RE: [Histonet] RE: Retic jargon

From:"Monson, Frederick "

Maresch (1905) was an old dead guy when I was a young guy in 1965 and
working with the "Silver Impregnation for Retiuclin" - by Pearse (1968)
out of Maresch?  Book is gone, and I'm just lingering.  

Two historic points.
	1.  The above impregnation - of only meager vicarious value -
'showed' fine fibers/fibrils around cells (especially in hematopoietic
tissue) that were generally unstained by other prevailing methods, AND
did NOT 'color' collagen except to a 'light tan'.  
	2.  Even though Watson and Crick presented the model for DNA in
1953, it did not inhabit many undergraduate classrooms until the
mid-1960's - acknowledging exceptions such as Havahd and Yail.  

Thus, even though silver impregnation of reticular fibers, reticulin or
a reticulum is still performed, the procedure does not beat the MAb for
Collagen III.  Although, I must add, a notable MAb for an (human)
elastin epitope proved conclusively (and negatively!) in the mid 1990's
that the rabbit lacked elastin in its urinary bladder despite proof to
the contrary from a widely accepted Gomori's Aldehyde Fuchsin stain.

I still say, if we just stay focused on the significant surgical
importance of dissection vs. disection, we will be far better off in the
long run.  We absolutely must dissuade young medical students from
either enunciating or doing dIsections.

In the domain of the physical sciences, we must pass a law that prevents
anyone who can't pronounce the word 'NUCLEAR', from ever purchasing or
having access to a red telephone.


Fred Monson

Frederick C. Monson, PhD
Technical Director
Microanalysis and Imaging Research and Training Center (MIRTC)
Large Scientific Instrument Core
Geology, West Chester University
S. Church St. and W. Rosedale Ave.
West Chester, PA, 19320
New Scheduler:
Web Page:


-----Original Message-----
[] On Behalf Of Renko,
Heather D.
Sent: Friday, November 30, 2007 1:39 PM
Subject: [Histonet] RE: Retic jargon

We say "Reticulum" ??? 
The term reticulin was coined in 1892 by M. Siegfried.[2]
Today the term reticulin or reticular fiber is restricted to fibers
composed of type III collagen  .
However, during the pre-molecular era, there was confusion in the use of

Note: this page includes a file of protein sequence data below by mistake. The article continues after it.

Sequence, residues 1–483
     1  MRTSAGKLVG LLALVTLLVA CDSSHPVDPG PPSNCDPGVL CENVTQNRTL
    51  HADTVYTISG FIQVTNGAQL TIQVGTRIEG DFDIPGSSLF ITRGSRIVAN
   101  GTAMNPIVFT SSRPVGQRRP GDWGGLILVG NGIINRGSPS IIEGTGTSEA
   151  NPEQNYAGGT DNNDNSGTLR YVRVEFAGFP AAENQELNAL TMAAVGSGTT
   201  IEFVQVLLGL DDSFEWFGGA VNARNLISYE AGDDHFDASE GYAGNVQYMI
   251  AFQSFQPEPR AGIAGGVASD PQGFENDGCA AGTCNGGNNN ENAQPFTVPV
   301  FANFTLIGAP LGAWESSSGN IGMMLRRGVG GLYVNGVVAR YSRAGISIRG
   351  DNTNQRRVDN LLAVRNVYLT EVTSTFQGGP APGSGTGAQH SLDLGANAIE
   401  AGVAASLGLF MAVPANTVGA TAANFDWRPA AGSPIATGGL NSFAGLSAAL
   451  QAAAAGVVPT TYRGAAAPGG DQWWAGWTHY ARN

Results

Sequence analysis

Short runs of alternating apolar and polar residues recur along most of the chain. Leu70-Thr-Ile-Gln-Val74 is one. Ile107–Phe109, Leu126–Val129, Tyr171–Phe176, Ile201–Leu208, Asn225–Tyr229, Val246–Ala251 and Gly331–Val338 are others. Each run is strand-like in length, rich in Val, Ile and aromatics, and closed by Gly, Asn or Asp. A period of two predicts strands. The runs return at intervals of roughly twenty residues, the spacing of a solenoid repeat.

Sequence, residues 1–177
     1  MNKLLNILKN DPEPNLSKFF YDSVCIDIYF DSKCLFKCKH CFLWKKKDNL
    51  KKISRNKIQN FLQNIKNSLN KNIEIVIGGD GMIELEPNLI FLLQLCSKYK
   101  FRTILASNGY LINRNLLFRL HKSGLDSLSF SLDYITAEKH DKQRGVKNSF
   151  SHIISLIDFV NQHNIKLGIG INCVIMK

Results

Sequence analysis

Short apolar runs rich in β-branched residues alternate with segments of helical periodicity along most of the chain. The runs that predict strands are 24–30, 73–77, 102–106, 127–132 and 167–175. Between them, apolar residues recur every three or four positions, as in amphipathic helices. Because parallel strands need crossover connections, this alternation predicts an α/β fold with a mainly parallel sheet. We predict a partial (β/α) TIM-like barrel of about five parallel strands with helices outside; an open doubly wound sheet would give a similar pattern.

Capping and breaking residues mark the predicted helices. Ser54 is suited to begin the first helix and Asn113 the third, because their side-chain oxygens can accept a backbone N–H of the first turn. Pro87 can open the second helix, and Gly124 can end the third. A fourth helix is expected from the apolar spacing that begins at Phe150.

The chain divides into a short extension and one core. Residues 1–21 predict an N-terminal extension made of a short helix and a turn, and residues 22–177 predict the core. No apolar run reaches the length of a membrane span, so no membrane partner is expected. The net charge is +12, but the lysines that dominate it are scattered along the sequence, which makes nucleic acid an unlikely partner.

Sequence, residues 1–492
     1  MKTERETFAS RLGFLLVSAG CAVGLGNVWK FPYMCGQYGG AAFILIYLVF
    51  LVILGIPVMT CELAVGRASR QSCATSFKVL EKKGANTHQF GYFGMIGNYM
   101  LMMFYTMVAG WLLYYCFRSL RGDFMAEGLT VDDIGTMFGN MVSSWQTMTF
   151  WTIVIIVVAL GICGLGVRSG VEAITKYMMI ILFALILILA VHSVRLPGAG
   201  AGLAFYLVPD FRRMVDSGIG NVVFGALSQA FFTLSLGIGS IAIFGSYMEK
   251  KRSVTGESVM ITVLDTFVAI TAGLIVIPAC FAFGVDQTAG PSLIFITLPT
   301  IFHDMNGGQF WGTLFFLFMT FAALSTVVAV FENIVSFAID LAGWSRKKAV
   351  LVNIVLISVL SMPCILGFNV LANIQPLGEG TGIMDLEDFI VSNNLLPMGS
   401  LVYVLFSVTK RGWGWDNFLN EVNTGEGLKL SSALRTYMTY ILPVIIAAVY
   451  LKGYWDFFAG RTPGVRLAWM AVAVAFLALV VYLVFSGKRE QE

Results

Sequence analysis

the term 'reticulin', which was used to describe two structures:
*	the argyrophilic (silver staining) fibrous structures present in
basement membranes   
*	histologically similar fibers present in developing connective
tissue[3]  . 
The history of the reticulin silver stain is reviewed by Puchtler et al.
(1978).[4]   The abstract of this paper
		Maresch (1905) introduced Bielschowsky's silver
impregnation technic for neurofibrils as a stain for reticulum fibers,
but emphasized the nonspecificity of such procedures. This lack of
specificity has been confirmed repeatedly. Yet, since the 1920's the
definition of "reticulin" and studies of its distribution were based
solely on silver impregnation technics. The chemical mechanism and
specificity of this group of stains is obscure. Application of Gomori's
and Wilder's methods to human tissues showed variations of staining
patterns with the fixatives and technics employed. Besides reticulum
fibers, various other tissue structures, e.g. I bands of striated
muscle, fibers in nervous tissues, and model substances, e.g.
polysaccharides, egg white, gliadin, were also stained. Deposition of
silver compounds on reticulum fibers was limited to an easily removable
substance; the remaining collagen component did not bind silver. These
histochemical studies indicate that silver impregnation technics for
reticulum fibers have no chemical significance and cannot be considered
as histochemical technics for "reticulin" or type III collagen.

 Who'd a thunk it?  TGIF

Heather D. Renko, Histology Coordinator
OSF Saint Anthony Medical Center
5666 East State Street
Rockford, Illinois 61108
Direct: 815-395-5410

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